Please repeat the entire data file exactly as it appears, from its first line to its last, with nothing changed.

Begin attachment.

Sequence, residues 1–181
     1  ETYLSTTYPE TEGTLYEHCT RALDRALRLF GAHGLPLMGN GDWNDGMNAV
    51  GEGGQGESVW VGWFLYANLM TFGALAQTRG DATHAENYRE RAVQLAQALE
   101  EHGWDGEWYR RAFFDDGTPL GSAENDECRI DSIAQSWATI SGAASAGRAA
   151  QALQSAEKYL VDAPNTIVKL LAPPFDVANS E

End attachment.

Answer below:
Sequence, residues 1–181
     1  ETYLSTTYPE TEGTLYEHCT RALDRALRLF GAHGLPLMGN GDWNDGMNAV
    51  GEGGQGESVW VGWFLYANLM TFGALAQTRG DATHAENYRE RAVQLAQALE
   101  EHGWDGEWYR RAFFDDGTPL GSAENDECRI DSIAQSWATI SGAASAGRAA
   151  QALQSAEKYL VDAPNTIVKL LAPPFDVANS E